Beach Sun News. Meanwhile, supporters of free-pour liquor
are mounting a modest campaign, including club speeches, brochures
and a Web site (http://www.safesc.com).
Voters in counties across the state also will have some local
ballot measures to consider:
- Capital improvements. Voters in Charleston and
Beaufort counties will be asked to increase local sales
taxes by a half cent and whole cent, respectively, for capital
- Property tax relief. Voters in Georgetown and Spartanburg
counties will be asked to increase local sales taxes by
a cent and allow collections to offset property taxes.
- Schools. Voters in Horry County and Richland School
District 2 will be asked to make tax decisions to fund school
- Government. Officials in Chester County are debating
addition of a question will be included that asks voters
whether they want an elected supervisor to head county government.
These ballot questions arent as exciting as the often
heated back-and-forth between Democrats and Republicans. But
because they have long-lasting impacts, its important
to vote on them and not take a pass.
9/26: In memory of Jack Hensley
The latest from cartoonist Bill McLemore:
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SOUTH CAROLINA SCORECARD
Here's a "thumbs up" and "thumbs down" related to various
political events from the past week:
Majority leader race. Now that Rep. Rick Quinn, R-Columbia,
has stepped down as House majority leader, there's a race
on between at least three hopefuls -- Reps. Jim Merrill, R-Daniel
Island; Bill Sandifer, R-Seneca; and Rex Rice, R-Easley. Merrill
is thought to be ahead slightly in the early horse race.
Local governments. As evidenced by a strong push by
the S.C. Press Association, most of the state's bigger newspapers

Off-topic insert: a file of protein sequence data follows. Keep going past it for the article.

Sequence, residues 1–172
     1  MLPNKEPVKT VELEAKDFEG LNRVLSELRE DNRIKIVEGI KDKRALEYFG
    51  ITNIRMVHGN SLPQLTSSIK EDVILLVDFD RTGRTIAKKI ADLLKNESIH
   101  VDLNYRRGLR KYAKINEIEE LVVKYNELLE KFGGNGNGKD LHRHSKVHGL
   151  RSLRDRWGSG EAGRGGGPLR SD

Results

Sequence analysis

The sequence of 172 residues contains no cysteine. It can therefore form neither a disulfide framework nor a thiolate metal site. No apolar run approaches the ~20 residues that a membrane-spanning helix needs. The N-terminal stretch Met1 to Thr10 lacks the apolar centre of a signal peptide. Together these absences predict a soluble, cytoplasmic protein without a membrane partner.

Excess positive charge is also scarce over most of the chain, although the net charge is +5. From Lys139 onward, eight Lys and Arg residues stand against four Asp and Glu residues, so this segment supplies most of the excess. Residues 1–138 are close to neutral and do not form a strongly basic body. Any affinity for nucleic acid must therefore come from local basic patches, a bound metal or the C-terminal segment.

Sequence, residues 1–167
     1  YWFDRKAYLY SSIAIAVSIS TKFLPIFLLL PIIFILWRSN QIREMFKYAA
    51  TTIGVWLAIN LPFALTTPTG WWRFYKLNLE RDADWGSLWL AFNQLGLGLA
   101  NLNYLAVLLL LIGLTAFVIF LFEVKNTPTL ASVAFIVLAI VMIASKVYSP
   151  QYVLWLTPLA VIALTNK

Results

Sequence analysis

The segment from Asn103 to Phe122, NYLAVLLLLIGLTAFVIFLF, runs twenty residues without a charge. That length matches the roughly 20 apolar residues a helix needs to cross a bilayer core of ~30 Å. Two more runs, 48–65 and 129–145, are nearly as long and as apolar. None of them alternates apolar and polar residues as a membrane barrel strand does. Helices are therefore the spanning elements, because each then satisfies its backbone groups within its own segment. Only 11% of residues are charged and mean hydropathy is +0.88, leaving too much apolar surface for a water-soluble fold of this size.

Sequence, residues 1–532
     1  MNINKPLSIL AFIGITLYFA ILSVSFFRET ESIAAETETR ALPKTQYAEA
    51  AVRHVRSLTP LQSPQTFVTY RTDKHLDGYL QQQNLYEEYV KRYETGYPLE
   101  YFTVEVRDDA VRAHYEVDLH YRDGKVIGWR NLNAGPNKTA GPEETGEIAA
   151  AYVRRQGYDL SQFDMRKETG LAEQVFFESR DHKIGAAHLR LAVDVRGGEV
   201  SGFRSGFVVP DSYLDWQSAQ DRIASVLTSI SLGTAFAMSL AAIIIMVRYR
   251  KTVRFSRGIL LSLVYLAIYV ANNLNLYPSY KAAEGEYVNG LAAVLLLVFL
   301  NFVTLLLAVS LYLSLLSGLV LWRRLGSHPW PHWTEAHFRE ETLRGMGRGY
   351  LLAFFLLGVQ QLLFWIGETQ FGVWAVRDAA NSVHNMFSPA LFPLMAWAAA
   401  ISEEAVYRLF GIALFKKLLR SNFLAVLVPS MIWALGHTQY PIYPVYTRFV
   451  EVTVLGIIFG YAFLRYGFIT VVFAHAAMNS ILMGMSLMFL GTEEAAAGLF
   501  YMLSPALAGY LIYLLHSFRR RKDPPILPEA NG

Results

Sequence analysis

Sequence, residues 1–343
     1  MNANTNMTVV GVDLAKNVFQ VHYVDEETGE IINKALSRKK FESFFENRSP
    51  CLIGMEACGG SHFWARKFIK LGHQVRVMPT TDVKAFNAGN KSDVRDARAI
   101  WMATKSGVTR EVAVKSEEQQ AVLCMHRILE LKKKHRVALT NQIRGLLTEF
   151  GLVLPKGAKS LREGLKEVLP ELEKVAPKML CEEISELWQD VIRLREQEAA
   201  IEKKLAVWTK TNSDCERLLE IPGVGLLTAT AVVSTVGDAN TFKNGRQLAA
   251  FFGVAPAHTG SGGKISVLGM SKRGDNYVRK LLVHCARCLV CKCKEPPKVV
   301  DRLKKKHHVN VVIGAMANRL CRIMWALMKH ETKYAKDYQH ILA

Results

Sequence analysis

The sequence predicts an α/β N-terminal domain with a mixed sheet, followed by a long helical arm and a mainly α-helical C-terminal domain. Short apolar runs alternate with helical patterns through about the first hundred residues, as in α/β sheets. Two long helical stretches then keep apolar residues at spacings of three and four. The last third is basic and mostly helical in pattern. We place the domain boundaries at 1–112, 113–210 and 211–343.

believe local governments keep too many meetings secret and
often violate the state open meetings law. Bring in the sunshine.
Port/Corps. A continuing spat between the S.C. Ports
Authority and the U.S. Corps of Engineers isn't doing much
to get a new port facility built at the Navy base. Come on
guys -- check the egos and move it along.
Brown. Follow the latest on Rep. Henry Brown's troubles
with the U.S. Forest Service: www.abouthenrybrown.com
How you can subscribe to the full edition
of the report
The above version of S.C. Statehouse Report is the
free edition. Our paid version, which costs about $100 per
month, offer a weekly legislative forecast packed with information
that can keep you and your business on the cutting edge.
Notes veteran lawmaker Sen. Glenn McConnell: "Statehouse
Report gives an inside practical report of weekly problems
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In each issue of Statehouse Report, you'll get::
Hot issue -- an early peek at weekly commentary
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from teacher and budget cuts to wetlands proposals.
Agenda -- a weekly forecast of the coming week's
Radar Screen -- a behind-the-scenes look at what's
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McLemore's World -- an early view of our respected
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Tally Sheet -- a weekly review of all of the new
bills introduced in the legislature in everyday language
Scorecard -- A Thumbs Up and Thumbs Down of major
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Calendar -- a weekly list of major meetings for
the House, Senate and state agencies.
Megaphone -- a quote of the week that you'll find